Archive for the ‘Sunday Song Lyric’ Category
The Kennedy Center will honor country legend Merle Haggard at the 33rd annual Kennedy Center honors this December. Now in his seventies, Haggard has had a remarkable — and remarkably influential — music career. Though he has a new album, I’d rather highlight one of his oldies, “The Bottle Let Me Down,” from 1966, a classic of country blues in the spirit of Hank Williams. Here’s a taste:
Tonight the bottle let me down
It let your memory come around
The one true friend I thought I’d found
Tonight the bottle let me down
I’ve always had a bottle I could turn to
And lately I’ve been turnin’ every day
But the wine don’t take effect the way it used to
And I’m hurtin’ in old familiar ways
Live’s “Overcome” was not written as a 9/11 anthem, but it became one for many anyway. It was written before the attack, and appeared on Live’s mediocre “experimental” V, released in September 2001. In the wake of the World Trade Center’s collapse, the song struck a chord. Here’s the first verse:
the world is bleeding
but feeling just fine
all alone in a castle
where we’re always free to choose
never free enough to find
I wish something would break
Cos we’re running out of time
It’s Labor Day weekend. I’m not ready for summer to be over, but it’s not like I have much choice in the matter. Death Cab for Cutie‘s “Summer Skin” seems appropriate. Here’s the second verse:
I don’t recall a single care
Just greenery and humid air
Then Labor Day came and went
And we shed what was left of our summer skin
The Washington Metropolitan Area Transit Authority (WMATA) will no longer allow D.C. metro riders to exit the system with negative balances on their SmarTrip cards. Instead, riders will have to use the cash-only “ExitFare” machines to pay the remaining fare. Before, a rider could exit with a negative balance but could not use the card again before restoring a positive balance. More here.
This new WMATA policy reminds one VC reader of 1959 the Kingston Trio hit. “M.T.A.” (aka “Charlie on the MTA”). The song, written in 1948 by Jacqueline Steiner and Bess Lomax Hawes for Progressive Party candidate Walter O’Brien’s mayoral campaign, tells the story of a man trapped on the Boston MTA because he did not have enough money to pay the fare. It begins:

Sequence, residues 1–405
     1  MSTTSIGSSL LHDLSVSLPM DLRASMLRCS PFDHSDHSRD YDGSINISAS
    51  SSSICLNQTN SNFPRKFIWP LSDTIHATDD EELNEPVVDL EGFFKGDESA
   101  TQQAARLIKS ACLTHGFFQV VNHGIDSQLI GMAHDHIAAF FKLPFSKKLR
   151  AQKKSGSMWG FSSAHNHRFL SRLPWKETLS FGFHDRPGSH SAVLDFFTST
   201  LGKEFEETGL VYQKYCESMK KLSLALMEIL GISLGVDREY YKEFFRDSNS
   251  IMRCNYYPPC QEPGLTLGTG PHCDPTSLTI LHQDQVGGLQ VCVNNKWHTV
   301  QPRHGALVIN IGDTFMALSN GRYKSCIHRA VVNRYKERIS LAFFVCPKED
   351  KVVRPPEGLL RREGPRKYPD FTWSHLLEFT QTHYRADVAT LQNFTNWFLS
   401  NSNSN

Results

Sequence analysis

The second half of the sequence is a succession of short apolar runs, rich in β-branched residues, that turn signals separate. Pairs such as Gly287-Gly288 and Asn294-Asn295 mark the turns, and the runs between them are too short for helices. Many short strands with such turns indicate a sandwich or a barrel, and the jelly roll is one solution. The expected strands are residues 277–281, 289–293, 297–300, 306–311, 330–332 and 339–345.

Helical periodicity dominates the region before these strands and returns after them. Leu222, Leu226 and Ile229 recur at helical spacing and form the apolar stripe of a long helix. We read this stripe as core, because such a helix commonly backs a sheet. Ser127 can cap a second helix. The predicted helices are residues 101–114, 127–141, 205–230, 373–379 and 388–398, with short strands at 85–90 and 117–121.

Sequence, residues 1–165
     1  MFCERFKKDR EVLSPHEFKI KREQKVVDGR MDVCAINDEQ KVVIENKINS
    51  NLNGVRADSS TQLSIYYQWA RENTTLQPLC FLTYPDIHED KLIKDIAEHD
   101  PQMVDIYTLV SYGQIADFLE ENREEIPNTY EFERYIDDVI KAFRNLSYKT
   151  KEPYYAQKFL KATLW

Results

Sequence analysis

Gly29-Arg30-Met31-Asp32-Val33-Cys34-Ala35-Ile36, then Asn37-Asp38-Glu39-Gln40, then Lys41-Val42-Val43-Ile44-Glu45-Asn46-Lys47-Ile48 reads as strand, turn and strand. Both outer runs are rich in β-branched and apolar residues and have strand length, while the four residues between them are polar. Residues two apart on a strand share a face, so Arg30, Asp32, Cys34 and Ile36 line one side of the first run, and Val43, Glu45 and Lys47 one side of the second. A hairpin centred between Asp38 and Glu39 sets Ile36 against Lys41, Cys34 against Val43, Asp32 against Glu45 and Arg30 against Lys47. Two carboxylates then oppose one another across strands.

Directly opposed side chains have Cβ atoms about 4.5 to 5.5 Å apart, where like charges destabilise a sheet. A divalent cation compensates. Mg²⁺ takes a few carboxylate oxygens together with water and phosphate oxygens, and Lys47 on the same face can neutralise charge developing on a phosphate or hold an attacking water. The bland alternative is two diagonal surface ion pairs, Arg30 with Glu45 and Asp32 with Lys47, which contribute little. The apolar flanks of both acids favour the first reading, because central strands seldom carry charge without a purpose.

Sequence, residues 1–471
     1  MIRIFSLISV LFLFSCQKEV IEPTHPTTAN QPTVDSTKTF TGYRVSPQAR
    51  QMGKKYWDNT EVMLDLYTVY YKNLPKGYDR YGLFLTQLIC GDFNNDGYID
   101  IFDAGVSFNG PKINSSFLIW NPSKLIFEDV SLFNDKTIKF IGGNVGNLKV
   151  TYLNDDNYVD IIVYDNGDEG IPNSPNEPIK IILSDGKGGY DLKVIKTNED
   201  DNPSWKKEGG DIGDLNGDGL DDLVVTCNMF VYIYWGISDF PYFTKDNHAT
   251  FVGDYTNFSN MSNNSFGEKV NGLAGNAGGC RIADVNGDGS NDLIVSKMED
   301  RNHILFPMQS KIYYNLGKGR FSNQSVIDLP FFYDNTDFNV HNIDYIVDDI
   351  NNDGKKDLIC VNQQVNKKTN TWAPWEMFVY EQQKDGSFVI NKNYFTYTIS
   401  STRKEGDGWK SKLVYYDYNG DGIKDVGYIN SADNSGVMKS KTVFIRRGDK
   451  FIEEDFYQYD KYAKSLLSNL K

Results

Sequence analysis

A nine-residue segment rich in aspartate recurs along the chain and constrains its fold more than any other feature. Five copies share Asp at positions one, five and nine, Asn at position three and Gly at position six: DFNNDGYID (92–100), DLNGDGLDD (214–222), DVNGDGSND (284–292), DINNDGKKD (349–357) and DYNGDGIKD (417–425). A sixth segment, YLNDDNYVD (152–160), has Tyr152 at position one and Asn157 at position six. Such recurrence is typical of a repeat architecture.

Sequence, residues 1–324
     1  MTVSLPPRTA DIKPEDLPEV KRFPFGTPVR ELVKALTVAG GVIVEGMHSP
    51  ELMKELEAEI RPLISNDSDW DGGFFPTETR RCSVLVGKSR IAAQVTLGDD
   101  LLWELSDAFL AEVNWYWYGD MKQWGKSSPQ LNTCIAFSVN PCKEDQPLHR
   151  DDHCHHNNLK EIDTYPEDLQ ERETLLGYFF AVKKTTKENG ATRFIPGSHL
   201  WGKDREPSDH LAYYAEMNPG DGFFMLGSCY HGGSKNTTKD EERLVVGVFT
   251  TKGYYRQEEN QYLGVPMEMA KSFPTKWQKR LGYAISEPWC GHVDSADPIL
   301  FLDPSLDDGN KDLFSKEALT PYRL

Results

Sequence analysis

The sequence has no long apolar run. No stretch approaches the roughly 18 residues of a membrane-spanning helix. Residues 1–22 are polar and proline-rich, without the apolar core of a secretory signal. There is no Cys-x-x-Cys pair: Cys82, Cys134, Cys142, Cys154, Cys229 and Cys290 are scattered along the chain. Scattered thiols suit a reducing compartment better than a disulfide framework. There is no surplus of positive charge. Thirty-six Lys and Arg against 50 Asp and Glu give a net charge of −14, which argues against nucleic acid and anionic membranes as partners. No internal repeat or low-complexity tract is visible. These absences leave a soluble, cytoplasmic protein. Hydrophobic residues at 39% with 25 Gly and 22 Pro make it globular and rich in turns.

Let me tell you the story
Of a man named Charlie
On a tragic and fateful day
He put ten cents in his pocket,
Kissed his wife and family
Went to ride on the MTA
Charlie handed in his dime
At the Kendall Square Station
And he changed for Jamaica Plain
When he got there the conductor told him,
“One more nickel.”
Charlie could not get off that train.
Here’s a site with the full lyrics and the history of the song, a Kingston Trio performance, and the Dropkick Murphys’ version, “Skinhead on the MBTA.”
Somewhere along the way former Fugee Wyclef Jean got the idea he should be the President of Haiti. And as the Washington Post reported just last week, he could have been a contender. Haiti’s electoral council had other ideas, however, disqualifying him for failing to satisfy the residency requirement. Although he was born in Haiti, Jean has not lived in Haiti since he was nine. Jean’s statement is here. Given his questionable financial and non-profit management skills, it’s not clear Haiti’s the loser in this. As President he could have made high-profile appeals for aid, but who knows where the money would have gone.
This wasn’t the first time Wyclef Jean thought about politics. He recorded the song “If I Was President” in 2008 which features this chorus:
If I was president
I’d get elected on Friday
Assassinated on Saturday
Buried on Sunday
Then go back to work on Monday
If I was president
I’ve never thought of Sam Cooke’s “Wonderful World” as a political song, but given some of my recent posts I may need to reconsider. Co-written with Lou Adler and Herb Alpert, the song has been covered by acts from Herman’s Hermits and Art Garfunkel to Bryan Ferry and Rod Stewart, the song made Rolling Stone‘s list of the greatest 500 songs of all time. Here’s how it begins:
Don’t know much about history
Don’t know much biology
Don’t know much about a science book
Don’t know much about the french I took
But I do know that I love you
And I know that if you love me too
What a wonderful world this would be